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The Real Deal

Alternative medicine and metaphysical philosophies of all sorts have been growing in popularity in recent years. Along with the interest in meditation and the occult, many seeking individuals have developed an interest in the mystical teachings of Kabbalah. These teachings seem to hold the key for elevating oneself above the boundaries of reality, to grasp the profound and the meaningful. Lectures and classes in Kabbalah have cropped up everywhere, some taught by dubious masters of the field.

On the one hand, this phenomenon seems to be a positive one. Kabbalah is an integral part of Torah; moreover, the very depth of Kabbalistic teachings ensures that when one studies this area, one becomes bound to the Torah on an essential, soul-level.

Yet it is troubling that many of these courses are taught by individuals who themselves do not keep the mitzvot of the Torah. How do we explain this phenomenon? What attracts people to the study of Kabbalah, yet not to the discipline of Torah observance? Furthermore, why is their interest sparked specifically by Kabbalah but not by other aspects of Torah? If a person feels a true connection to the essence of Torah, how can they not desire to perform the practical acts, the mitzvot, through which the teachings of Kabbalah take root in real life?

This indicates that the current trend to study Kabbalah is missing one crucial element. There is a disconnect between the lofty and powerful spiritual concepts expressed by Kabbalah and their practical application. The ultimate purpose of all Torah study is that it permeate every aspect of our lives, from the sublime to the mundane. The popular courses in Kabbalah fall short in communicating this message.

If one is truly interested in plumbing the depths of the Torah's teachings and applying them practically, the ideal place to begin is at the local Chabad House. Join a class in Chassidic philosophy, and you'll be exposed to a body of learning that is based on Kabbalah yet fully grounded in traditional Judaism. The Chassidic approach teaches one how to comprehend the highest levels of G-dliness while at the same time apply them in the physical world. Chassidism shows us how to use Kabbalistic principles to improve ourselves and the world, through added enthusiasm in the fulfillment of mitzvot.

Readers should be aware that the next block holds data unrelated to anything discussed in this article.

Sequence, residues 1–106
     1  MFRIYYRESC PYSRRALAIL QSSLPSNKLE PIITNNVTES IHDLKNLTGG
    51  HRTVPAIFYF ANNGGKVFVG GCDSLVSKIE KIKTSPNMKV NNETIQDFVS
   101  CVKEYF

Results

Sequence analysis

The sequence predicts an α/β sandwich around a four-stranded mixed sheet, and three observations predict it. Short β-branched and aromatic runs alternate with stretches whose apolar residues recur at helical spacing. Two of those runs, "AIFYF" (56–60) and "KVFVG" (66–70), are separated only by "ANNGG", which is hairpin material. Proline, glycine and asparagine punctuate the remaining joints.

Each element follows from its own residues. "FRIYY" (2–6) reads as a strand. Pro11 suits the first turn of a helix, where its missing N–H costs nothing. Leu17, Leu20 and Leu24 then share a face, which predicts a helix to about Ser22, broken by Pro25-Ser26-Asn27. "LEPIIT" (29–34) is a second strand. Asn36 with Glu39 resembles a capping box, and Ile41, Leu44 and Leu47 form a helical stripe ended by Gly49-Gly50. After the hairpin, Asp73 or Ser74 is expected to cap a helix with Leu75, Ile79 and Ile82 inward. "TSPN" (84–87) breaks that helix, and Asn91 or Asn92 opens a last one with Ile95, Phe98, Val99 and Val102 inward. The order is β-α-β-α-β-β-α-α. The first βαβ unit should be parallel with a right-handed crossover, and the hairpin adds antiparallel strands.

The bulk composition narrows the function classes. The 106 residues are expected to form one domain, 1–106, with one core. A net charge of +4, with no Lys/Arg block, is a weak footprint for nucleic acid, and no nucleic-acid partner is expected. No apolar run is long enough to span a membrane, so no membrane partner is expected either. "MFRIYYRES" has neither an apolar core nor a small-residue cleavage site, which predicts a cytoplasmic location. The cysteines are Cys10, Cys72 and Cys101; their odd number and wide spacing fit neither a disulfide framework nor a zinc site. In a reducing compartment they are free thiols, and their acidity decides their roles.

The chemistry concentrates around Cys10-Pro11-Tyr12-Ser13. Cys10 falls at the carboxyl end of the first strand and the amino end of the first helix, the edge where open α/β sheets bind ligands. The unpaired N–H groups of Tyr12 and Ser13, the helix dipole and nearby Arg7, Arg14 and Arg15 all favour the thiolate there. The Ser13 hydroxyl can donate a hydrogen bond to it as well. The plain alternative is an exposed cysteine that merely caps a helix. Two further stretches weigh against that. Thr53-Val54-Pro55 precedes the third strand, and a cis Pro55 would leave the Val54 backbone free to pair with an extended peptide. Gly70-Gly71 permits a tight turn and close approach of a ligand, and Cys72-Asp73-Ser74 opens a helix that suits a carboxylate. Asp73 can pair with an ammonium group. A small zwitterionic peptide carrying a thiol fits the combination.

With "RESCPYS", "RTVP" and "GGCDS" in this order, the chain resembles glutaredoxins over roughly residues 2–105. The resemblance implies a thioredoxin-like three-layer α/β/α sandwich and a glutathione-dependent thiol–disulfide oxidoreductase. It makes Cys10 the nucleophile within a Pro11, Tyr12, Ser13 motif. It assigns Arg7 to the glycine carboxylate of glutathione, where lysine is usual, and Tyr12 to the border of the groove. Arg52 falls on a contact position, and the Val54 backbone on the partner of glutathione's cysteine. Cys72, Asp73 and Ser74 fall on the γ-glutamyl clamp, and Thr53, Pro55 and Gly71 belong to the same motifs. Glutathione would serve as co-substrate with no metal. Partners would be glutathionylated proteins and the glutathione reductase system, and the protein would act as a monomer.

A prime example of the synthesis of Kabbalah and practical Judaism was Rabbi Levi Yitzchak Schneerson, the father of the Lubavitcher Rebbe, the anniversary of whose passing is on the 20th of Av, the upcoming Monday. Rabbi Levi Yitzchak was known as a master of Kabbalah; at the same time, he was also a Rav and authority on Jewish law, famous for his uncompromising commitment to every detail of Jewish law, great or small. His refusal to bend on matters of Jewish law led to his imprisonment by the Communist authorities in the 1940's, and eventually he died in exile in Alma Ata in 1944.

A healthy approach to the study of Chassidism and mysticism, like that of Rabbi Levi Yitzchak, indeed leads to the elevation of the soul and the attainment of the greatest spiritual lights. The revelation that we experience through the study of Chassidism is a fitting preparation for the final Redemption, when G-dliness will be fully expressed in this world with no barriers.
 

 


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